Send article to Google Drive

      To send this article to your Google Drive account, please select one or more formats and confirm that you agree to abide by our usage policies. If this is the first time you use this feature, you will be asked to authorise Cambridge Core to connect with your <service> account. Find out more about sending content to Google Drive.

      The effect of short-term coenzyme Q10 supplementation and pre-cooling strategy on cardiac damage markers in elite swimmers
      Available formats
      ×

Copyright

Corresponding author

* Corresponding author: Asghar Tofighi, email a.tofighi@urmia.ac.ir

References

Hide All
1. Wendt, D, van Loon, LJ & Lichtenbelt, WD (2007) Thermoregulation during exercise in the heat: strategies for maintaining health and performance. Sports Med 37, 669682.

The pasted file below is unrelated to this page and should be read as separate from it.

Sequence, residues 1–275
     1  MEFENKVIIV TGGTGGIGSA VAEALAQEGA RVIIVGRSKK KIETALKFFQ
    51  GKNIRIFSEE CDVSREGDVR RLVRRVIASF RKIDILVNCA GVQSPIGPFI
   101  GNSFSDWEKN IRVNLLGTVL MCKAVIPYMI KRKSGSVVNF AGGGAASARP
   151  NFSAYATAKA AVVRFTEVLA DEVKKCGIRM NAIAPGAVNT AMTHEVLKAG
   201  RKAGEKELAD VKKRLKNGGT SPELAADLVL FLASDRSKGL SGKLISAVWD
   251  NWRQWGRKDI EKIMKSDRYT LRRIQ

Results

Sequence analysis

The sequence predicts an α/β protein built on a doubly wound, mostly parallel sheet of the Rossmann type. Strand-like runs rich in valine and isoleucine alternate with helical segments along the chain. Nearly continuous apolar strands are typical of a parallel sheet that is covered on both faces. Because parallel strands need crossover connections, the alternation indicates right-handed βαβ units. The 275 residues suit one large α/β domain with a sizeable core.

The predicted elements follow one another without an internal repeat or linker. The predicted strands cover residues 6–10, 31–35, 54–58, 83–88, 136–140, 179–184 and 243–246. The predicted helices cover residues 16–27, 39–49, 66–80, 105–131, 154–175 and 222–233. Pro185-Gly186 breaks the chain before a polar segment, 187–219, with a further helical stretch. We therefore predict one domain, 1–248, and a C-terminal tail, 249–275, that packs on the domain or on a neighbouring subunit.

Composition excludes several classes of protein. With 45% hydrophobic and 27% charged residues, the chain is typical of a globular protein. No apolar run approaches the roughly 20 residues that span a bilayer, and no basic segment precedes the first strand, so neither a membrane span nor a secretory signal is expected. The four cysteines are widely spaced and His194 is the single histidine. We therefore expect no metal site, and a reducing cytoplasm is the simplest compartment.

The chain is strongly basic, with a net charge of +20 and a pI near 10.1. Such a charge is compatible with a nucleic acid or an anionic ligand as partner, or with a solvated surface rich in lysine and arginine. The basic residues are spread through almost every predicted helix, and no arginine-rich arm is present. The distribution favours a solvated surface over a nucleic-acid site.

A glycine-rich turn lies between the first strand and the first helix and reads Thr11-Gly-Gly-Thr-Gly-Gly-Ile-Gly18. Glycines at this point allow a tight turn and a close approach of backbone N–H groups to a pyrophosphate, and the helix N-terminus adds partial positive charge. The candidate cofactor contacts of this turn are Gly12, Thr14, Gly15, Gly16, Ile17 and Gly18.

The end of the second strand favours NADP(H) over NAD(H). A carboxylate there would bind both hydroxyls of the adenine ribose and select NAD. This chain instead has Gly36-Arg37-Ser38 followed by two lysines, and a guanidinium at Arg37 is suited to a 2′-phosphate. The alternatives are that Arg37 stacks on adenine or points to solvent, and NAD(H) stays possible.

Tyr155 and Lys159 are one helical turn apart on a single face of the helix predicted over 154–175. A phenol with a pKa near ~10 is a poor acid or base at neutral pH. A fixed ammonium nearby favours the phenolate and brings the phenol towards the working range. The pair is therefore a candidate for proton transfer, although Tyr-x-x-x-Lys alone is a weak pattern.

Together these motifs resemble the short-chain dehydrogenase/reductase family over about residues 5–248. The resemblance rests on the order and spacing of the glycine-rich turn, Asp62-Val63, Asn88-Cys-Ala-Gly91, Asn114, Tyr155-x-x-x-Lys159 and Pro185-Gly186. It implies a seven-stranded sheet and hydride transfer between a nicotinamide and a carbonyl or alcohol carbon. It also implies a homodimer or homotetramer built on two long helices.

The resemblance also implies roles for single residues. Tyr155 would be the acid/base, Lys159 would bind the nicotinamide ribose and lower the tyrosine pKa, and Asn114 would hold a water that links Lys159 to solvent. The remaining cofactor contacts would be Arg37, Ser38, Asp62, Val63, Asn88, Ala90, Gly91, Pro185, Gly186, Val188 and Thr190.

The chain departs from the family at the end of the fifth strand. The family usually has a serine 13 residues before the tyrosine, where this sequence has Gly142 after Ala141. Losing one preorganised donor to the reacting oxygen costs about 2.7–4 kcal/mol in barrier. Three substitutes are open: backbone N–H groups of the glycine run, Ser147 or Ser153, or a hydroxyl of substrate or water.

2. Hall, DM, Buettner, GR, Oberley, LW, et al. (2001) Mechanisms of circulatory and intestinal barrier dysfunction during whole body hyperthermia. Am J Physiol Heart Circ Physiol 280, H509H521.
3. Bongers, CC, Thijssen, DH, Veltmeijer, MT, et al. (2014) Precooling and percooling (cooling during exercise) both improve performance in the heat: a meta-analytical review. Br J Sports Med 49, 377384.
4. Jones, PR, Barton, C, Morrissey, D, et al. (2012) Pre-cooling for endurance exercise performance in the heat: a systematic review. BMC Med 10, 166.
5. Hasegawa, H, Takatori, T, Komura, T, et al. (2006) Combined effects of pre-cooling and water ingestion on thermoregulation and physical capacity during exercise in a hot environment. J Sports Sci 24, 39.